• If you’re under 65 and have a disability, have group health plan coverage based on your family member’s current employment, and the employer has 100 or more employees, your group health plan pays first.
  • If you’re under 65 and have a disability, have group health plan coverage based on your or a family member’s current employment, and the employer has fewer than 100 employees, Medicare pays first.
  • If you have Medicare because of End-Stage Renal Disease (ESRD) your group health plan will pay first for the first 30 months after you become eligible to enroll in Medicare. Medicare will pay first after this 30-month period.

An earlier Ask Phil column provides additional details on employee health coverage for those eligible for Medicare. I’ve also written an explanatory piece on the circumstances under which someone with Medicare can be denied continued participation in a health savings account, including the usually unintentional disqualification that occurs when a person claims Social Security benefits.

Can an employer help with Medicare costs?

The issue of whether an employer can provide financial assistance for an employee’s Medicare expenses is very clear for large employer plans but can be fuzzy for small employer plans.

In the case of large employer plans, the answer is an unequivocal “no.”

Here’s the language from Medicare’s official rules. (To avoid confusion, group health plans, GHP, and large group health plans, LGHP, are Medicare terms that both relate to plans with 20 or more covered employees.)

“An employer or other entity is prohibited from offering Medicare beneficiaries financial or other benefits as incentives not to enroll in or to terminate enrollment in a GHP or LGHP that is or would be primary to Medicare. This prohibition precludes the offering of benefits to Medicare beneficiaries that are alternatives to the employer’s primary plan (e.g., prescription drugs) unless the beneficiary has primary coverage other than Medicare. An example would be primary plan coverage through his/her own or a spouse’s employer. This rule applies even if the payments or benefits are offered to all other individuals who are eligible for coverage under the plan. It is a violation of the Medicare law every time a prohibited offer is made regardless of whether it is oral or in writing. Any entity that violates the prohibition is subject to a civil money penalty of up to $5,000 for each violation.”

If you work at a place with a large employer health plan, it is illegal for your employer to offer you any inducement to get Medicare and drop the employer’s plan. Based on my mailbag, such illegal offers are not uncommon. While you may find the offer attractive, just keep in mind that it’s not allowed.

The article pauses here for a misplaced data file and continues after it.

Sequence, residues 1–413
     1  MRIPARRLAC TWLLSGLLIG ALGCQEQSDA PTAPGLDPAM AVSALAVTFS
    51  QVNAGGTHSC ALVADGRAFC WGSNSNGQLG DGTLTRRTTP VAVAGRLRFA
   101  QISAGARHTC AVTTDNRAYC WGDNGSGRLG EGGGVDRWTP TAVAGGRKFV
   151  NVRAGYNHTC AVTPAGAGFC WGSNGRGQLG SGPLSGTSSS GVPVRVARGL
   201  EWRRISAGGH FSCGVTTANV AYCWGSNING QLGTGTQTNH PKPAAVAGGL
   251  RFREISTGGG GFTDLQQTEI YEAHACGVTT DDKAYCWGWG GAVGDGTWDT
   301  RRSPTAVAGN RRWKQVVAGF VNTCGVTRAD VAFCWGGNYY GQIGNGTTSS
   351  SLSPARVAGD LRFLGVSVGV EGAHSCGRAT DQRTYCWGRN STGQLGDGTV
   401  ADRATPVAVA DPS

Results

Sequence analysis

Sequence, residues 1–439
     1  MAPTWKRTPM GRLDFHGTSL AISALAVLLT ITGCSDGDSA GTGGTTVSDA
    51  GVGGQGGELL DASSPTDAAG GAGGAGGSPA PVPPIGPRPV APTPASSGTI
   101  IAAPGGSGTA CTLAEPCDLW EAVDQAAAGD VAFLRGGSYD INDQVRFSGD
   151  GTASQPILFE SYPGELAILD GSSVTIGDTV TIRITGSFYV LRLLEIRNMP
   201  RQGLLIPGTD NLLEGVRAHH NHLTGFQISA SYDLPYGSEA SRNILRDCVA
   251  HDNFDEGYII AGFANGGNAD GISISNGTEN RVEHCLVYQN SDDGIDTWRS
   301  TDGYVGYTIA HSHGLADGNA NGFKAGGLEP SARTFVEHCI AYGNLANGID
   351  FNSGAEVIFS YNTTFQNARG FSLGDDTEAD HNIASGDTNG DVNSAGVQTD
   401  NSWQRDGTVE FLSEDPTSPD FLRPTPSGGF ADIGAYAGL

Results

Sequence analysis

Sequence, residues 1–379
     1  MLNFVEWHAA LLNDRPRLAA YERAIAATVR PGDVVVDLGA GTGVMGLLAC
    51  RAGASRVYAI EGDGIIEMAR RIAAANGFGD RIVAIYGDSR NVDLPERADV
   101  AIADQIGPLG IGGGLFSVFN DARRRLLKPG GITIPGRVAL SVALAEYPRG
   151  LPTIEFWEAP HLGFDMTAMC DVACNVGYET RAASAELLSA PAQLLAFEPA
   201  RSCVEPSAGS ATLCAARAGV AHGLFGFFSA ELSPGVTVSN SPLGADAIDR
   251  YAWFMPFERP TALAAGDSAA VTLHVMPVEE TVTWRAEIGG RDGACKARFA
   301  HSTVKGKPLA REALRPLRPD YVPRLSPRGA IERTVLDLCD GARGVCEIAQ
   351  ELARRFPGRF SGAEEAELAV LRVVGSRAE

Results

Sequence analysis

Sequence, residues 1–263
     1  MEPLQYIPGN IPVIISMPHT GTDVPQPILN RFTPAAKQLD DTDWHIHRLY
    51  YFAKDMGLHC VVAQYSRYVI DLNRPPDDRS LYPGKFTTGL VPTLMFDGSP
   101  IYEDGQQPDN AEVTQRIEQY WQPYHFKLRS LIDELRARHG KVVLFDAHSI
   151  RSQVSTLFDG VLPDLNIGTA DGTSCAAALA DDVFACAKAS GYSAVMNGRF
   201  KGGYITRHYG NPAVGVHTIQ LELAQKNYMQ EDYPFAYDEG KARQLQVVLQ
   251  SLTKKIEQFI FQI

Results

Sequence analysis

The story with small health plans is not so clear. In some cases, providing employees with financial help for their Medicare expenses is just fine. Given that employees at such firms have to get Medicare anyway, such supportive arrangements are more understandable than for employers with large health plans.

However, employers wishing to provide such subsidy programs have to be careful to make sure their offers are properly constructed. These rules are contained in IRS Notice 2015-17, which is written in language only a lawyer charging high fees could love. Here’s the “simplified” version provided by a Medicare spokesperson:

In order for the small employer with less than 20 employees to reimburse their employees for their Medicare Parts B and D and Medigap premiums, the following conditions must be met:

  • The employer offers a group health plan (other than the Health Reimbursement Account (HRA), Flexible Spending Account (FSA) or Health Savings Account (HSA)) to employees who are not eligible for Medicare;
  • Funding for the employees enrolled in Medicare should be made through an HRA (or FSA or HSA);
  • The employee receiving the payment through the HRA (or FSA or HSA) is enrolled in Medicare Part B or D;
  • The HRA (or FSA or HSA) is available to all employees who are enrolled in Medicare Part B or D; and
  • Under the terms of the HRA (or FSA or HSA), the employee (or former employee) is permitted to permanently opt out of and waive future reimbursements from the HRA (or FSA or HAS) at least annually in which case the right to receive funds is forfeited.

Readers with questions about these small-plan reimbursement accounts can send them to me, but I recommend doing more research to make sure you’re prepared.